The Op Art project is in process. Students are currently translating their online creations to a studio version of Op Art, using real paint and real brushes, though it must be said that in a perfect cyber world the online galleries might justifiably be the final product. The project will include a student reflection through Canvas at its conclusion.
Student enthusiasm prompted me to offer these 6th graders an opportunity to create something special. Op Art Chairs. Prior to this, the chair project, introduced earlier as a fundraiser, was limited to my 7th and 8th graders at Dennis Intermediate. For these 6th graders, being able to decorate their own chairs is like landing on Mars. They voted to do this project over several other options which included a personal painting or a class mural.
Canvas has shown me that blended learning offers incredible growth for student and teacher alike. True, we must often bring our prior knowledge to gain momentum, but once students have gotten aloft, it is time to jettison the baggage.
John Henry Redux: A Parable of Disruption
(stepping away from aviation and education for this final comment . . .)
My brother retired from the MBTA (the 'T') in Boston and began a new career as a railroad consultant. Yes, he could build you a railroad spike by spike and then run it for you, but his specialty was a machine that assured that tracks were set at the proper design. Tracks not properly designed, that is, at the correct elevation and curve with the correct underbalance will inevitably cause derailments. A very serious matter. Dave began his railroad career early and by age 22 had a crew of 90 men working under him. He was a pick and shovel guy who grew in his profession to embrace its ever-changing technology. The production tamping machines he now operates had morphed from diesel, grease, and steel behemoths half the length of a football field into diesel, grease, and steel behemoths half the length of a football field controlled by ever more sensitive and complex technology. Railroads from colossal BNSF to small local systems rely on my brother to work his life-saving magic and train others to do the same with these machines.
He was called in to train machine operators at--let's just say --a major urban transit system. His presence coincided with the roll-out of a new set of high-tech tamping machines to upgrade a challenged existing system. The trainees he met in a classroom the first day turned out to be a surly group, many of them longtime 'gandydancers', suspicious of change and especially suspicious of some outside Bozo come in to tell them their business. Dave understood. He was once one of those guys. But the work needed to be done and he believed in what he was presenting.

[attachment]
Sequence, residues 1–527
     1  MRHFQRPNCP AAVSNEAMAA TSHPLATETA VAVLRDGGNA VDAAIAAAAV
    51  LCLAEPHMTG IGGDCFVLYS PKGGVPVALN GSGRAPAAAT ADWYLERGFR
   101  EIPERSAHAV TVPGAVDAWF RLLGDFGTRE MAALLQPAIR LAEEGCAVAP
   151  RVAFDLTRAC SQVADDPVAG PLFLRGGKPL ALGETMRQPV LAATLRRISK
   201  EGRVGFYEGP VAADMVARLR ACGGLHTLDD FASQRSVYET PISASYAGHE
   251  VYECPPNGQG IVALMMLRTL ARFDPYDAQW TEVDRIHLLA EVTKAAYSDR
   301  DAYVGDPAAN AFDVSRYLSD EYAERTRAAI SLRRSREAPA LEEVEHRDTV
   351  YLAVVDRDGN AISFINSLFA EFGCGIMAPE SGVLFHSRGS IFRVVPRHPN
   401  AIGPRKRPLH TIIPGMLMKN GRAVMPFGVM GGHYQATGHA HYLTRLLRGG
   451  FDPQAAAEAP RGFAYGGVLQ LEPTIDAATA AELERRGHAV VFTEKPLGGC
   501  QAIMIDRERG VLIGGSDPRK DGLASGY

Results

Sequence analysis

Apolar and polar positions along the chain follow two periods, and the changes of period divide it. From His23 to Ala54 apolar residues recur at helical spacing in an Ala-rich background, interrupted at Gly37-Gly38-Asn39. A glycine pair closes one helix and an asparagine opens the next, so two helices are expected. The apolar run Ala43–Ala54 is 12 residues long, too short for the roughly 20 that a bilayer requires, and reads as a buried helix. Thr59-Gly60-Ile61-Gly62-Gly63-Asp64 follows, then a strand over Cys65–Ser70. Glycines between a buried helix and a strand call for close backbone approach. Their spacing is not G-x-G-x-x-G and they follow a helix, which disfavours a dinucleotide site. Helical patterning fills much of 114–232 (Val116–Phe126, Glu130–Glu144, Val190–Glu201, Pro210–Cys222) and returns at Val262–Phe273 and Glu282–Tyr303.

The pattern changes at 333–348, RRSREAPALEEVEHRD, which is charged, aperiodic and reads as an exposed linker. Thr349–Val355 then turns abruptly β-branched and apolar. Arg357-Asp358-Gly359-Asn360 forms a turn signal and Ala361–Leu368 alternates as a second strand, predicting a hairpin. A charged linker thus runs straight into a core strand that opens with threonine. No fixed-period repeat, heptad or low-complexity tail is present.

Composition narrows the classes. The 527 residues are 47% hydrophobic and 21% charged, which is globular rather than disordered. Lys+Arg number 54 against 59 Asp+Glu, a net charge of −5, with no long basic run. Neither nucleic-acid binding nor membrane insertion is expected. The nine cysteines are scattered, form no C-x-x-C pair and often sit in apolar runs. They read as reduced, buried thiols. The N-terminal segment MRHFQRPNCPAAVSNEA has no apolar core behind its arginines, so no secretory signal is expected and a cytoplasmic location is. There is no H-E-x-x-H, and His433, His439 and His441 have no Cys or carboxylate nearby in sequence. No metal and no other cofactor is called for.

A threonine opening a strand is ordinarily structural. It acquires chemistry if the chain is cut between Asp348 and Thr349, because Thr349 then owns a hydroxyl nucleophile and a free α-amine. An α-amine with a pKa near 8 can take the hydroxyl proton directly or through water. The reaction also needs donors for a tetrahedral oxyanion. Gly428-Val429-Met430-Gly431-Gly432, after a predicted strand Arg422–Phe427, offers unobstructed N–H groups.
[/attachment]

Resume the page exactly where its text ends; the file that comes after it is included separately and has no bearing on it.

The next morning, he arrived to start the machine training only to find that his onboard computer had been sabotaged. It would take a day or more to fix or replace the computer and other damaged components of the big machine. He told the crew of would-be operators, "I'll show you what we do when the machine is out of service." They broke out the picks and shovels and pry bars, headed out on the line, and did a day's work the old-fashioned way. Dave calculated the proper design with pencil and paper.
After this rugged day of railroad work, the machine was not tampered with again.
But don't get the wrong idea.
These folks didn't mind a rugged day of railroad work. It validated them. What troubled them was the horrible thought that this reliable experience might disappear and their very sense of worth might evaporate with it. When my brother took them out and showed that he didn't mind a rugged day of railroad work, the gesture changed everything.
Trust. It's something we all bring with us as prior knowledge. Or not and it must be earned. But there is not a more powerful disruptive force than trust and it must be built into the machine.
Today's thoughts come to us from Mr. Richard Green. Richard currently teaches art at Dennis Intermediate School in Richmond, Indiana. A native of Massachusetts, he taught in the Bay State for a decade before making his move to the Sunshine State. During his tenure in Florida, he spent a year in Nagano, Japan as an exchange teacher. This eye-opening, life-changing experience fired up his teaching with a worldview and the confidence that comes from pushing outside your comfort zone. Now a resident of Indiana for nearly a decade something just as awesome has happened. He found a home and a renewed clarity for teaching art. His passion for teaching, writing, and producing his own brand of art continues to rise.